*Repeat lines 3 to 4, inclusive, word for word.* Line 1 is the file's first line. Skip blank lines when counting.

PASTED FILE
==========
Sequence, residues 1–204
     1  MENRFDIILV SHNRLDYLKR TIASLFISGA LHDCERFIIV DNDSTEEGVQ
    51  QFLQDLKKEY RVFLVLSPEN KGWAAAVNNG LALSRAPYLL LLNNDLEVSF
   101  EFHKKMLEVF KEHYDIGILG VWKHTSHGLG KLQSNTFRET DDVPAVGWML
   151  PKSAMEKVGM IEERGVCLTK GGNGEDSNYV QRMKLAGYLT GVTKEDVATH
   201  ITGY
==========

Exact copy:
    51  QFLQDLKKEY RVFLVLSPEN KGWAAAVNNG LALSRAPYLL LLNNDLEVSF
   101  EFHKKMLEVF KEHYDIGILG VWKHTSHGLG KLQSNTFRET DDVPAVGWML